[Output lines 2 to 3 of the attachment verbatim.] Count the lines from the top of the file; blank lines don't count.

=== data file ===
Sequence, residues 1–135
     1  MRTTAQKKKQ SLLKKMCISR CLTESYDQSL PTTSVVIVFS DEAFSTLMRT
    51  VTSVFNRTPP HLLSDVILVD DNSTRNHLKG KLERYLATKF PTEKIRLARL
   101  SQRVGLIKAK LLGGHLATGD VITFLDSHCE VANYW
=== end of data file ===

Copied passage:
     1  MRTTAQKKKQ SLLKKMCISR CLTESYDQSL PTTSVVIVFS DEAFSTLMRT
    51  VTSVFNRTPP HLLSDVILVD DNSTRNHLKG KLERYLATKF PTEKIRLARL